Ashbourne News Telegraph - - FRONT PAGE - By Gareth But­ter­field gareth.but­ter­[email protected]­bourne­new­stele­

DER­BYSHIRE Dales coun­cil­lors have unan­i­mously agreed to push ahead with plans to charge for gar­den waste col­lec­tions.

The district coun­cil’s cur­rent con­tract with Serco Lim­ited, cost­ing £1.9 mil­lion per year, runs out in Au­gust 2020 and the author­ity has been on the hunt for a re­place­ment.

It says that the cur­rent ser­vice can­not re­main the same due to changes in the mar­ket, in­clud­ing the value of re­cy­clable ma­te­rial and con­tin­ued pres­sures on the coun­cil’s fi­nances.

The author­ity says that the cur­rent con­tract would cost £2.5 mil­lion a year if it was awarded un­der cur­rent mar­ket pres­sures, which would be “un­af­ford­able”. The coun­cil’s to­tal an­nual bud­get is around £35 mil­lion a year.

As a re­sult it put for­ward a se­ries of po­ten­tial changes, in­clud­ing chang­ing to four­weekly waste pick­ups and a range of po­ten­tial charges for gar­den waste pick­ups from £25 up to £55 per year.

Af­ter a record re­sponse to its con­sul­ta­tion, with more than 2,600 peo­ple shar­ing their views, the author­ity has ditched the four-weekly pro­pos­als but is car­ry­ing for­ward with charge­able fort­nightly pick­ups for gar­den waste.

At a meet­ing last Thurs­day, coun­cil­lors fi­nalised key de­tails of the fu­ture waste con­tract so it could be­gin ten­der plan­ning. It is thought that eight com­pa­nies are be­ing courted by the author­ity.

The coun­cil is keen to re­tain the pos­si­bil­ity of chang­ing pick­ups for resid­ual waste from fort­nightly to three­weekly from 2024 – halfway through the pro­posed new eight-year con­tract.

Un­der the coun­cil’s cur­rent con­tract, the pri­vate firm ac­cepts all li­a­bil­ity for the ser­vice but this would not be an option un­der the fu­ture con­tract.

It says com­pa­nies are more cau­tious and would only be will­ing to share the li­a­bil­ity with the coun­cil - to be agreed in fur­ther talks.

Of those who re­sponded to the con­sul­ta­tion, some 40 per cent said they would be will­ing to pay for gar­den waste pick-ups, with 72 per cent say­ing they would pay £25.

Coun­cil of­fi­cers say the na­tional av­er­age price for gar­den waste col­lec­tions is £40 per year – which could bring in an ex­tra £454,000 a year.

The ser­vice would be opt-in not opt-out.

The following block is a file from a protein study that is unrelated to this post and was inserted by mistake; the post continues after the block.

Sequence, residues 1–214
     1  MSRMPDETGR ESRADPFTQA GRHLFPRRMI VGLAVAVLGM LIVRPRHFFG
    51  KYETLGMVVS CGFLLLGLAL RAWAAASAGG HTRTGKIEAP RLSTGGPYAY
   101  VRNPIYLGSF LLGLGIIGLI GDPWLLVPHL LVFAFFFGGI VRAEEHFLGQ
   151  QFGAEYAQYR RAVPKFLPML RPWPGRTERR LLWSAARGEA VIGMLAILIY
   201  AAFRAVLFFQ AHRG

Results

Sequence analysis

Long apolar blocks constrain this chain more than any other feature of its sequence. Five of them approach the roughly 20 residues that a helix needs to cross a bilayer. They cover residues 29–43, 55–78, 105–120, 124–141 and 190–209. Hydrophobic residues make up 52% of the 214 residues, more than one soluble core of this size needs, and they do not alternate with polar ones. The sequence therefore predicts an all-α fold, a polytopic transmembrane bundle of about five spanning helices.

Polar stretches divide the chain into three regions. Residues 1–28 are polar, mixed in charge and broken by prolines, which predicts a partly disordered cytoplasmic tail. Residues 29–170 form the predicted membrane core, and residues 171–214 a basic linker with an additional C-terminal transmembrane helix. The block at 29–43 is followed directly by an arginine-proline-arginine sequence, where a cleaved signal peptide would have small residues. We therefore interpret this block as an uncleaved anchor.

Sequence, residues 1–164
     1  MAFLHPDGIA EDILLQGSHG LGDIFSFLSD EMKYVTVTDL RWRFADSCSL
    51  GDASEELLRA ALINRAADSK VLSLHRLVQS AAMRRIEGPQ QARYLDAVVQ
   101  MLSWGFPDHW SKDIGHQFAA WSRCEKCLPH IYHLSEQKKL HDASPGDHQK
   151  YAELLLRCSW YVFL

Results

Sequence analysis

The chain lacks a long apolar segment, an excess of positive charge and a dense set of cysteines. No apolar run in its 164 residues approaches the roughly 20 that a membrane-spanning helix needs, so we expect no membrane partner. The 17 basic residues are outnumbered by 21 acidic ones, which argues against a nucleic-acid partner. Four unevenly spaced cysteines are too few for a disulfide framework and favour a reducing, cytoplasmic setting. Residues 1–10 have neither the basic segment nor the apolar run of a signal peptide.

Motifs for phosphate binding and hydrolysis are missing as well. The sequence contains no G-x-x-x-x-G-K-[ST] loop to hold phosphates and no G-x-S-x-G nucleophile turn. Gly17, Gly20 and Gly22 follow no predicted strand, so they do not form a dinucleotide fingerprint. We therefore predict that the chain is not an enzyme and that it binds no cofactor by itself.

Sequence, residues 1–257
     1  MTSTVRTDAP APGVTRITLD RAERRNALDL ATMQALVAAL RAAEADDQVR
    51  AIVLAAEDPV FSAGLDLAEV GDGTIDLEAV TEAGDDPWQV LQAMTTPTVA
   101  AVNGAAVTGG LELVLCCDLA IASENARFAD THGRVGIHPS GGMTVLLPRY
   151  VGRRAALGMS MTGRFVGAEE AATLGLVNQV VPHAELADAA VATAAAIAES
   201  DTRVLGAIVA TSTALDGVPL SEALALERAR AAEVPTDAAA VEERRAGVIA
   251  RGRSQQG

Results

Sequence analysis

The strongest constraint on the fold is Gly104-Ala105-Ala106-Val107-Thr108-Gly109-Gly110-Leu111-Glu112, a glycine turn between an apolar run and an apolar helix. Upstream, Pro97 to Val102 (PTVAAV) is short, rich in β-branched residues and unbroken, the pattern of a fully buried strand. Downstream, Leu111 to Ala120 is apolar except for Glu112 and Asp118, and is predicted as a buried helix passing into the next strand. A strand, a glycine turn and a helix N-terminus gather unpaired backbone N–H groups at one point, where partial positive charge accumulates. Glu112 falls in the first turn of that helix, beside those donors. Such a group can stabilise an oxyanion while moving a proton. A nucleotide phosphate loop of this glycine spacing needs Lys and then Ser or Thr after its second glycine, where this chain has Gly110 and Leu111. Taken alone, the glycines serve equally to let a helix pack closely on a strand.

Sev­eral Labour and Lib­eral Demo­crat coun­cil­lors said they voted to push for­ward with the con­tract for the good of res­i­dents but “with a heavy heart”.

Cllr Irene Rat­cliffe said the author­ity should have con­sid­ered a coun­cil tax hike in­stead of charg­ing for gar­den waste, so the ser­vice could re­main the same. She said she voted for the con­tract to push ahead but “had a bad taste in her mouth”.

Cllr Rat­cliffe said the author­ity could have cho­sen to share ser­vices or work more closely with neigh­bour­ing coun­cils.

Cllr Martin Bur­foot also called for a rise in coun­cil tax in­stead of the charges, say­ing a coun­cil tax levy was less com­pli­cated to bring in.

He also feared recycling rates would go down as a re­sult of the pro­pos­als along with in­creases in fly-tip­ping.

The Dales district has the high­est recycling rates in Der­byshire at 57 per cent – the tar­get from gov­ern­ment is 60 per cent, and this could rise to 65 per cent.

Cllr Peter Slack said that when the cur­rent con­tract was first brought in, lots of res­i­dents were burn­ing ex­cess re­cy­clable waste in their gar­dens and “there was smoke ev­ery­where”.

He sus­pects the same could hap­pen again.

Con­ser­va­tive mem­bers said they were “hor­ri­fied” at the coun­cil tax hike sug­ges­tion. Cllr Vicky Massey-blood­worth said: “I am from a low-in­come house­hold and the thought of rais­ing tax would be much more ter­ri­fy­ing.”

Deputy leader Cllr Al­bert Catt said: “If they don’t want it they don’t have to sub­sidise oth­ers get­ting it.”

Cllr Garry Purdy said that a charge of a pound a week would be ac­cept­able.

Coun­cil leader Lewis Rose said: “The most im­por­tant thing for res­i­dents is ‘is my bin go­ing to be col­lected’?.

“It is a ser­vice which, to a cer­tain ex­tent, is taken for granted.

“I think this is the right step at this stage. It is a very, very im­por­tant ser­vice for our res­i­dents and we have to get it right.”

Cllr Colin Swindell said that pre­vi­ous is­sues with the cur­rent con­tract had been a real cause for con­cern, with refuse trucks knock­ing over walls and strug­gling to get to houses “in the back of beyond”.

Cllr Sue Bur­foot stated that this must have a se­ri­ous amount of con­sid­er­a­tion, par­tic­u­larly due to the lim­ited space for refuse ve­hi­cles to ac­cess houses on Mat­lock Bank.

She says emergency ser­vices can­not nav­i­gate many of these streets as it is.

I think this is the right step at this stage. It is a very, very im­por­tant ser­vice and we have to get it right. Cllr Lewis Rose

Der­byshire Dales Coun­cil is to put for­ward a se­ries of po­ten­tial changes, in­clud­ing chang­ing to four-weekly waste pick­ups and a range of charges for gar­den waste pick-ups from £25 up to £55 per year.

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